Mums writing meant everything to her, she was always plotting her next story line or character using her every day surroundings, it was more than a job to her, it was her passion, my first memories of her writing was Sat in the kitchen tapping away on her typewriter, telling us to “be quiet , im thinking!” I would of only been around 6yrs old!!
    Now nearly 40, I look back at what mum achieved in her life…. Truly amazing.!!! Such a kind, warm hearted caring lady who always had time for anyone.
    I’ve taken a little time out that’s why it’s taken so long to write something, I’m currently in Cyprus watching the sun rise and reflecting on the last few weeks, mum would love it here, warm, peaceful and plenty of Campari!!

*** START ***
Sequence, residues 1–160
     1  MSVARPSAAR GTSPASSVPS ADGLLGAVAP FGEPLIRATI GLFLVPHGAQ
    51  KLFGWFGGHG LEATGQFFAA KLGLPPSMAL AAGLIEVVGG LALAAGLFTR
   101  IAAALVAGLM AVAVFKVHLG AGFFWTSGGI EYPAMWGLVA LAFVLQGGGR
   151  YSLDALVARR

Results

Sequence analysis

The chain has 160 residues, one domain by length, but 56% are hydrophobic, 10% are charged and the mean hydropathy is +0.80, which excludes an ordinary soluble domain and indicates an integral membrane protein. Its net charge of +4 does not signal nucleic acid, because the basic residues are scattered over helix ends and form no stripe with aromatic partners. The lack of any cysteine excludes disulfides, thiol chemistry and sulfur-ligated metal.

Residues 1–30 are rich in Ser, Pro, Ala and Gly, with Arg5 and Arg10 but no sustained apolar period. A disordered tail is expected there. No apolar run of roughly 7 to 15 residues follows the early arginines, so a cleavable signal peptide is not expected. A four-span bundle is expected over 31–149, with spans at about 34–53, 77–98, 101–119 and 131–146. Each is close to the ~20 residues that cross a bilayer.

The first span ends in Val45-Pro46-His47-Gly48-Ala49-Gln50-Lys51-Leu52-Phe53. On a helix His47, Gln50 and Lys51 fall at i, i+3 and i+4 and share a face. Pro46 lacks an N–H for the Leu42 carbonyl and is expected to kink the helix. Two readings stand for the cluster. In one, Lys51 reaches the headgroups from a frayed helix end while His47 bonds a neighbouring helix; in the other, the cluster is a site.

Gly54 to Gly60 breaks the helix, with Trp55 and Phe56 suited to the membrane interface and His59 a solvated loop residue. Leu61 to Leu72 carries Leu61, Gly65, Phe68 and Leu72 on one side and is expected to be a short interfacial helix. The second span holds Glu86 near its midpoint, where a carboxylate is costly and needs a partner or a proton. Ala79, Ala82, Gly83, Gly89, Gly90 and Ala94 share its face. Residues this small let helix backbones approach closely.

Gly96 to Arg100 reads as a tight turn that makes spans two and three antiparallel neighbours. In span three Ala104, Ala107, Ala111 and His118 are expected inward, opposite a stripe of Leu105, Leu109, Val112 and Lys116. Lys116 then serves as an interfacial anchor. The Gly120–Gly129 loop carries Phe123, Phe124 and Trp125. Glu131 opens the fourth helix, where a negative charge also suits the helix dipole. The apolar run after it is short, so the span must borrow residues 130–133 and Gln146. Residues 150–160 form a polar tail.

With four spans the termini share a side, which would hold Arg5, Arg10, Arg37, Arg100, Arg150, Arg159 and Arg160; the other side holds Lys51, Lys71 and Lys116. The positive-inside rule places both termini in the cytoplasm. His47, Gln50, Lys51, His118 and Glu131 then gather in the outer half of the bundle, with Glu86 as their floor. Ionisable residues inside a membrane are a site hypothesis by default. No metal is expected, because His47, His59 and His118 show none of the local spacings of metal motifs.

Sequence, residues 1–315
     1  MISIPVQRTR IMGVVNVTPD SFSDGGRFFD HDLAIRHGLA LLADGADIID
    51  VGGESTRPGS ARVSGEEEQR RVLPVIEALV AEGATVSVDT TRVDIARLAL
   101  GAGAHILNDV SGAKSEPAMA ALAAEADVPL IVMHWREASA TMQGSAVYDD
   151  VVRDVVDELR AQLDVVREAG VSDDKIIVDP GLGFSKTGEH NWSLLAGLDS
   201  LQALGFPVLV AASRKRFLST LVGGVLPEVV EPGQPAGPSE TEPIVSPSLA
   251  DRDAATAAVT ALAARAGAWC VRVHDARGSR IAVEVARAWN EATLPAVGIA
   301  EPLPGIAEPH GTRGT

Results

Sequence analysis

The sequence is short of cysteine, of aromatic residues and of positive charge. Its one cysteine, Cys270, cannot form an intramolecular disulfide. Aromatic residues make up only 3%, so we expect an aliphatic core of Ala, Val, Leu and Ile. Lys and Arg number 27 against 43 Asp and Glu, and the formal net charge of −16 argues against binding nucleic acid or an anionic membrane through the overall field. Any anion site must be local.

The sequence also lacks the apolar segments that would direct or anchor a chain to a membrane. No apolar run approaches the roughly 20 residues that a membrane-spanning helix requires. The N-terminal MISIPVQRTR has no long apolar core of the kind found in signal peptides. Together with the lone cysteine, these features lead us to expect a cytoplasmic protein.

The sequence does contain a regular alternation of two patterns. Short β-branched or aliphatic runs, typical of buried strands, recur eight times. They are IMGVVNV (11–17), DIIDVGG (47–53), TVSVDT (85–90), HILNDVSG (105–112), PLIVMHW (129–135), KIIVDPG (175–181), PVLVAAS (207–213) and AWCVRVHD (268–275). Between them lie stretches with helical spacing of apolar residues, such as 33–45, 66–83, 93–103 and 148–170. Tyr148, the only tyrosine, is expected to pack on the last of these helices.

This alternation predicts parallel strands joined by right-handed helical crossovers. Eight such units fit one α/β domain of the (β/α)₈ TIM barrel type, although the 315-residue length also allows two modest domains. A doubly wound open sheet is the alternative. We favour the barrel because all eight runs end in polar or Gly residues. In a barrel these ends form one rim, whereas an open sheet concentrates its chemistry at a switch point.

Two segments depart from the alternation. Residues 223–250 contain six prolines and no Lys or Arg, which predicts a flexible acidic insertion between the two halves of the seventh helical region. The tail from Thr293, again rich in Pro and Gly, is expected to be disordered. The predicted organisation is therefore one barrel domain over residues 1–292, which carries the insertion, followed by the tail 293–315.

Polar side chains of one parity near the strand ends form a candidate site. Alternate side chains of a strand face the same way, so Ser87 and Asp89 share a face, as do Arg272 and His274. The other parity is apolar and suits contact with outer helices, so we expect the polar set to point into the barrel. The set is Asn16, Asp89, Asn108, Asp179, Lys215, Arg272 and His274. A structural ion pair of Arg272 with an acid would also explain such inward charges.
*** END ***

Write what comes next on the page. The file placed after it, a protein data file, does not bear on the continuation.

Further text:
I love you Mum, thank you for everything you ever did, there will never be a day go by that I don’t think about you xxx

    Vicky

    1. And hugs to you, Vicky. Having lost my own mum, I can imagine a little of what you are feeling now. It must be so hard that she’s not on the end of the phone or sitting in her little flat looking at her view. I loved your mum’s emails with photos of your children in Grandmother pride exchange. You must all miss her so much and hold so many wonderful memories. Hugs and more hugs xx Fi